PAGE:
A recent investment of more than $4.4 million to the Canadian Home Builders’ Association (CHBA) will enable energy efficiency in the residential sector in municipalities across Canada.

The project will fund deep energy retrofits in houses and low-rise multi-unit residential buildings to demonstrate the various approaches that can be used to achieve net-zero-energy-ready performance in residential units. These buildings are designed and constructed to high performance levels that could produce at least as much energy as they consume on an annual basis, with the addition of renewable power generation.

“Upgrading our homes to be more energy-efficient will get us a long way to our climate targets, help Canadians save money on energy costs and create good jobs in our communities,” said Jonathan Wilkinson, Minister of Natural Resources.

CHBA will focus on finding the most cost-effective solutions for up to 150 residential units to help find optimum approaches to net-zero home retrofits and inform the development of energy codes for existing homes, targeting multiple building archetypes in various climate zones and varying business models.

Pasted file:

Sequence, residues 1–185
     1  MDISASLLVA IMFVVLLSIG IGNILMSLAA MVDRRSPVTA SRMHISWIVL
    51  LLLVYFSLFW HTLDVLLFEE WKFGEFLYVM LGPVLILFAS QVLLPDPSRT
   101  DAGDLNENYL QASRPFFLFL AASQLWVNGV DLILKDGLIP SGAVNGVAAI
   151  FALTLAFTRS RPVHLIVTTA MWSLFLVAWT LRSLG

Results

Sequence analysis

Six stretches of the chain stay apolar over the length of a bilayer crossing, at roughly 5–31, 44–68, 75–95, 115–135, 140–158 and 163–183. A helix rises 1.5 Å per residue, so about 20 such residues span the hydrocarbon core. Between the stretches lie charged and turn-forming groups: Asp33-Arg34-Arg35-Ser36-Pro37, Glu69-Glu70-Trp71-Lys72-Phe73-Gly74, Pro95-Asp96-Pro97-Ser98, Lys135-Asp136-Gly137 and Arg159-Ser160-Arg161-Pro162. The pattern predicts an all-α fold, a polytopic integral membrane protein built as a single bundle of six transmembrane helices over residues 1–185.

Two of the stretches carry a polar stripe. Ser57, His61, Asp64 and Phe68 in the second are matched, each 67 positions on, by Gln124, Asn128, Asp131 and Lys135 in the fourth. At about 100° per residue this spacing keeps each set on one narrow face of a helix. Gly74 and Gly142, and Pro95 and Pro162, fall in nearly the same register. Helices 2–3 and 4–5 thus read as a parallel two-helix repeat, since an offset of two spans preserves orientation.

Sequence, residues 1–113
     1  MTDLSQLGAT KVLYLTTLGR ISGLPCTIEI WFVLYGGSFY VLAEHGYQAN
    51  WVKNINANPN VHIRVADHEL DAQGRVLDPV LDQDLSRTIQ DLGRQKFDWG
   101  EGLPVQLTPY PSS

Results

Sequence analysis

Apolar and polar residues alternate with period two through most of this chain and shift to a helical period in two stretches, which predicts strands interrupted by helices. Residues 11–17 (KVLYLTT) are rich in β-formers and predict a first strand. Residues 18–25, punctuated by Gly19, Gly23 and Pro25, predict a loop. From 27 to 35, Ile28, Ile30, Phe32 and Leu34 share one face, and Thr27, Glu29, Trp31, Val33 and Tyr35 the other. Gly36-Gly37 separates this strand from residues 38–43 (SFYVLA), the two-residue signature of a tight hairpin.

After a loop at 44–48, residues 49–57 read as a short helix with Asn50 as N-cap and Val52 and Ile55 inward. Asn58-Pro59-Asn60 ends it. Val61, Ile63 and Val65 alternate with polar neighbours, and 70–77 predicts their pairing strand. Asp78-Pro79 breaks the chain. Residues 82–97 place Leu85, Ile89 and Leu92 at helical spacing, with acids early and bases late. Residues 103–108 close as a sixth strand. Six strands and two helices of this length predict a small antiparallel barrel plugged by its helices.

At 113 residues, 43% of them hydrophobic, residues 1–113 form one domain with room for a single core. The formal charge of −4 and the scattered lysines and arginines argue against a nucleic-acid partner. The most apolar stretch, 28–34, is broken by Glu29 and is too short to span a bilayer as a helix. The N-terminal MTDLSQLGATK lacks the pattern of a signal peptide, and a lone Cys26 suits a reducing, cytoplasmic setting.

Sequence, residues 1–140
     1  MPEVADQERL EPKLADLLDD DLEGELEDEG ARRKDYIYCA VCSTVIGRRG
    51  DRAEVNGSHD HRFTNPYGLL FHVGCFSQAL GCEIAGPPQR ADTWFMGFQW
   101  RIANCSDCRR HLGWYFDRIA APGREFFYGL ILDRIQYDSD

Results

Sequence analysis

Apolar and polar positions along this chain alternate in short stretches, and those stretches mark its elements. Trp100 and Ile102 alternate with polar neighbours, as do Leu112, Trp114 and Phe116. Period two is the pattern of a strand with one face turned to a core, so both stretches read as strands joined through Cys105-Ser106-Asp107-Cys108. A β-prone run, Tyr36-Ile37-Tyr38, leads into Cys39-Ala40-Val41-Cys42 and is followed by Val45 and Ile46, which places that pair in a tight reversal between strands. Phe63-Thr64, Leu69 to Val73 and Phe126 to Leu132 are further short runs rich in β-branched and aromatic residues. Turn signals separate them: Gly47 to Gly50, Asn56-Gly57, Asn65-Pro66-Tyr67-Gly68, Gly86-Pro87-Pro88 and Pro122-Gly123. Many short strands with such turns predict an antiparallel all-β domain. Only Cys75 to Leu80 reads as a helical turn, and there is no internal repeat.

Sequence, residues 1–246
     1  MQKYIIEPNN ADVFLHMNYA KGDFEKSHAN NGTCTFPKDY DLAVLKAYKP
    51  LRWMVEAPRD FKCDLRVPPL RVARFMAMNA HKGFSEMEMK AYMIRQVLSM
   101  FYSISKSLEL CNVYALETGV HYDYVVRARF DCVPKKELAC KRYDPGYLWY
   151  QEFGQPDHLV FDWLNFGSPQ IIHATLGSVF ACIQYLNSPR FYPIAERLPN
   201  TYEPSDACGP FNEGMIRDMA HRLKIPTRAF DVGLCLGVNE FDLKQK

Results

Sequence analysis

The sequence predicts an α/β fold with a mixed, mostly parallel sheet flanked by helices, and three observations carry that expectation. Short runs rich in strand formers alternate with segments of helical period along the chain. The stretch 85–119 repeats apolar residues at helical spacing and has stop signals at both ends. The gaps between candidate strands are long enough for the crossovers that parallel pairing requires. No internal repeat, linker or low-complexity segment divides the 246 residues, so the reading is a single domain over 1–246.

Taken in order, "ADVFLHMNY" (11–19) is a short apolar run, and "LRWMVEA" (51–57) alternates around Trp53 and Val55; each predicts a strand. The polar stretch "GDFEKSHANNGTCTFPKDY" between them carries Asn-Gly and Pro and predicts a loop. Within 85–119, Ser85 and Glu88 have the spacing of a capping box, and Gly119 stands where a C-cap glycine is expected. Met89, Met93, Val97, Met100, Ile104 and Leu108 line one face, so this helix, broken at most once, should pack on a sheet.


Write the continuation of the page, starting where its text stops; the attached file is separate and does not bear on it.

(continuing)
Federal funding is provided through Natural Resources Canada’s Green Infrastructure – Energy Efficient Buildings Program. This program supports the development and implementation of building codes for existing buildings and new net-zero-energy-ready buildings through research, development and demonstration projects.

Through programs such as this, the federal government is creating sustainable jobs, building a clean energy future and charting a path toward net-zero emissions by 2050.

“The Canadian Home Builders’ Association and our members are continually pursuing innovation to meet the evolving needs of the industry and consumers in both new construction and renovation,” said Kevin Lee, CEO of CHBA.

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“Our Net Zero Home Energy labelling program, for both new and existing homes, is leading the way, as we provide Net Zero houses for Canadians, all while finding better ways to reach these high levels of energy performance. Cost remains a barrier to make Net Zero a reality for every home, so projects like this are helping us find the best solutions, improve technologies and build capacity across the industry to help to reach Canada’s 2050 goals.”

Buildings and homes contribute approximately 18 per cent of Canada’s greenhouse gas emissions.


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